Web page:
Q and A: Winter Workouts - NikeRunning.com
|Published by NikeTF.com - Nike High School Track and Field|
Feb 1st 2012, 12:34am | 1473 views
Dear Coach Jay,
I'm a sophomore in high school and I was wondering what good ideas for winter workouts are. Usually, my team would do mostly distance runs in the winter. This year, I was thinking of adding a tempo, fartlek, or interval workout a few times a week. Do you have any suggestions for other workouts to do in the winter to help prepare for track season?
Thanks for the question. It's great you're already looking toward the winter months to set a good foundation of fitness for outdoor track.
On one hand, getting in the miles via distance runs is a great way to train. You'll improve your aerobic fitness and that will no doubt lead to faster times in the track season. However, you're not going to run to your potential in the outdoor season if you just do distance runs in the winter. Why? Because speed takes time to develop, (and maintain,) and if you're not doing focused strides - at 800m pace and faster - then you're not going to reach your potential come spring. Now, you have to be careful with this. Iif the roads are icy and snow-packed you can't go out and do 5 x 150m at 800m pace. But the flip side is you've got to find a way to get some race pace strides in twice a week at a minimum (and three or four times a week is even better).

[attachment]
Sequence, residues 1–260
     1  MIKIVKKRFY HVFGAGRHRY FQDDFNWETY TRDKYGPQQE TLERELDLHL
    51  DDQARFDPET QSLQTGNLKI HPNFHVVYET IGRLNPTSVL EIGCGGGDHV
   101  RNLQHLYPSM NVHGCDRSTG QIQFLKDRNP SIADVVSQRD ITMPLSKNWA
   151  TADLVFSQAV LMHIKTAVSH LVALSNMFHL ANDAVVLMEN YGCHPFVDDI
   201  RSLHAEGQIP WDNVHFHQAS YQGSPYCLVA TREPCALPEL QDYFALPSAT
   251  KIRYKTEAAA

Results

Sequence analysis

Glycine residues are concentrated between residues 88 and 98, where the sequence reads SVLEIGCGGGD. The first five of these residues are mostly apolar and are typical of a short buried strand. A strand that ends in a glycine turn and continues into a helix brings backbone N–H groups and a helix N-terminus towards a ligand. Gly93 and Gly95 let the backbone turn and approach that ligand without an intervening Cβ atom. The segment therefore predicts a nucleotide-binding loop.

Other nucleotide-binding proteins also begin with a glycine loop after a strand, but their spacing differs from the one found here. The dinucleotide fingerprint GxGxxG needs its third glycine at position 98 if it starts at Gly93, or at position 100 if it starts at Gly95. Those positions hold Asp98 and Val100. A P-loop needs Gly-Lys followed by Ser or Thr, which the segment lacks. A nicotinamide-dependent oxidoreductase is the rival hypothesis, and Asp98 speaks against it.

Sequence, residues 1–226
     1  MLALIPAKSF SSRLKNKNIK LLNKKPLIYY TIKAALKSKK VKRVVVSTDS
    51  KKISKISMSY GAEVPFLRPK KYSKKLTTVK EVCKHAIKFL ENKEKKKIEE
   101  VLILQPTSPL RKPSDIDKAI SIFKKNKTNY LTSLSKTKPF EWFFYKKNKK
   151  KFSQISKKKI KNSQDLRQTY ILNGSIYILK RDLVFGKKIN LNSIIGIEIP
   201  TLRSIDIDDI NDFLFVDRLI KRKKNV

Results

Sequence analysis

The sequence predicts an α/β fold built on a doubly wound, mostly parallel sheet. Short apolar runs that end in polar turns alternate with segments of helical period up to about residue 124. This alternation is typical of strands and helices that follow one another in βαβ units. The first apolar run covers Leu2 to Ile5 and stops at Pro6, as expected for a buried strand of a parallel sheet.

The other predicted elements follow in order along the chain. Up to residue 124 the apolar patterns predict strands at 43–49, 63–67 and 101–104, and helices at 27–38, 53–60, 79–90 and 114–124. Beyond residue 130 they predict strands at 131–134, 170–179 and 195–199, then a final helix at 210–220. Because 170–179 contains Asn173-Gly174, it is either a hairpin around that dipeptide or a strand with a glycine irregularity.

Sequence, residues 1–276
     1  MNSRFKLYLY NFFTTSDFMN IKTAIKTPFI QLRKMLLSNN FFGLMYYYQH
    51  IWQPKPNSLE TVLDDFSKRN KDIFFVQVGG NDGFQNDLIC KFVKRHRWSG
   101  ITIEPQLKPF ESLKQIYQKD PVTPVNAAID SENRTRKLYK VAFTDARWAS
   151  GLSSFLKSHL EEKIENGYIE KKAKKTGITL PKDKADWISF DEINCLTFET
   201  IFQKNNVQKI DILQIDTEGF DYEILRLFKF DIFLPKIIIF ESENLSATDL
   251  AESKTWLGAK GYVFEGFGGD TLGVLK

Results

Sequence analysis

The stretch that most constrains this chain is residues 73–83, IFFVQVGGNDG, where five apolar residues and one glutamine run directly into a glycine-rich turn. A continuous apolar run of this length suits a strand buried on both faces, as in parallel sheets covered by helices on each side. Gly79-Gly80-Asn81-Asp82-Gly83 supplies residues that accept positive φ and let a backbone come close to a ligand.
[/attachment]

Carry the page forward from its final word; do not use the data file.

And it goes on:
One thing to keep in mind is what Bill Bowerman called "date pace" vs. "goal pace." For example, if today you could run 800m in 2:04, then that's 31.0 seconds per 200m and that's your date pace. If you hope to run 1:56 by the end of the season, then that's 29.0 seconds per 200m; that's your goal pace. You and your coach should sit down and come up with a progression of strides, starting in November/December and ending with your state meet that takes you from your date pace to your race pace.
Finally, I really liked that you identified fartlek runs and threshold runs as key workouts because those workouts, along with a weekly long run, is all you need in the winter…plus the date pace strides.
Best of luck Ryan!
*Coach Jay's advice is provided as general training information. Use at your own risk. Always consult with your own heath care provider for questions relating to your specific training and nutrition.